Remote Arnhem Land outstation receives much-needed Veterinary Services

Image – Young Mäpuru residents help Dr Chelsea prepare a patient for surgery

Mäpuru, a remote outstation located in north east Arnhem Land, is home to just nine households of community residents, but its growing dog and cat population was cause for concern. AMRRIC was contacted by Mäpuru community residents via the local school, Mäpuru Yirralka College, for assistance as their regular vet was unable to attend.  

AMRRIC received a Northern Territory Government Animal Welfare Grant to service remote Indigenous outstations and homelands through the territory, and was able to use these funds to support veterinary services in Mäpuru. AMRRIC Program Manager-Operational Delivery and veterinarian Dr Chelsea Smart and AMRRIC Project Officer and veterinary nurse Katrina Doody travelled to Mäpuru over a few days in late October. The team were lucky to be flown to the community by Mäpuru Yirralka School in a light plane over beautifully scenic Arnhem Land from Darwin and even enjoyed a quick stopover on picturesque Galiwinˈku.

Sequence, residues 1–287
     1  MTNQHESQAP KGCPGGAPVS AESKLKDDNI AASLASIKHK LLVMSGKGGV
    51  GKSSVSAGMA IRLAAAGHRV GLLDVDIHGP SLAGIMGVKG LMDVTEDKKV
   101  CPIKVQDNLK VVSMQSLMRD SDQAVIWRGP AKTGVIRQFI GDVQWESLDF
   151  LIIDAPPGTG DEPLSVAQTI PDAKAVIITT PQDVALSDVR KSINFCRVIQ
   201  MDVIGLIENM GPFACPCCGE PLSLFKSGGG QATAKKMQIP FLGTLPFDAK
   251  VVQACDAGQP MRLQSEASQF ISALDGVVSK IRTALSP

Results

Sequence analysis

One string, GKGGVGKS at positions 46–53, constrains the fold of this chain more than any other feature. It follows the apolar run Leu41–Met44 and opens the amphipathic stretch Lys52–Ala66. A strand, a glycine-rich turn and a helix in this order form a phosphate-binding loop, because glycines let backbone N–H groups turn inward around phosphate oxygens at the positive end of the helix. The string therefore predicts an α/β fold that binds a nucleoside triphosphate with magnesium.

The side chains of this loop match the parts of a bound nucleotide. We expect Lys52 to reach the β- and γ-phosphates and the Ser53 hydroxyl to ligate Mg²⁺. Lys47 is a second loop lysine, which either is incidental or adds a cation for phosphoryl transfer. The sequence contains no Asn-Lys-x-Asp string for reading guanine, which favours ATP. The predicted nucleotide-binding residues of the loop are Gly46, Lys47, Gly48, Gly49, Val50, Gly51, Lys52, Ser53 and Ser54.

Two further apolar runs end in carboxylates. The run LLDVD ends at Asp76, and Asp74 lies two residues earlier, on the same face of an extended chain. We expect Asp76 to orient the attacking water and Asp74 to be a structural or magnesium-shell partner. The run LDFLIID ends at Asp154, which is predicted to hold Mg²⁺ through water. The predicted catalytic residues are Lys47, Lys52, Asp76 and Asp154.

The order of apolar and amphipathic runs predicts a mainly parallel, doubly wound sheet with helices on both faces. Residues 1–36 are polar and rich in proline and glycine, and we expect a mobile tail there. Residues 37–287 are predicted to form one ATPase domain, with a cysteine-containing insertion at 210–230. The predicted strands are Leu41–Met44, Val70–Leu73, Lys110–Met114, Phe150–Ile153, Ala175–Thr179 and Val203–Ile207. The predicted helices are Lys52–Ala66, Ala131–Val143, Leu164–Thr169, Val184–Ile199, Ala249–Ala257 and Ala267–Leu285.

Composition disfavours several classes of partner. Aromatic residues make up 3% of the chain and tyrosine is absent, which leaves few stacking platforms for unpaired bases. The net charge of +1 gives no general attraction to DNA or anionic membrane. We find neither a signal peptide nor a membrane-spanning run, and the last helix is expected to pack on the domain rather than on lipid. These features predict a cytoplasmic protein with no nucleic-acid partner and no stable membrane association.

Over two days, the team managed to desex all 22 entire dogs in Mäpuru, which included 8 female dogs and 11 male dogs. The team were also able to desex 3 cats, including 2 females and 1 male. All 30 dogs and 3 cats in Mäpuru were treated for parasites and passed their health and welfare checks with flying colours.  

Special thank to the staff at Mäpuru Yirralka School, Marthakal Homelands Health Service and East Arnhem Regional Council for their support in planned and undertaking the visit. Also sincere thanks to the people of Mäpuru who welcomed the team into community and were a big help throughout the program.  

Being able to provide these services and care for animals in such remote areas is vital and will continue to benefit the health and wellbeing of both the animals and their owners in this remote part of the Top End.  

Michelle Hayes
Author: Michelle Hayes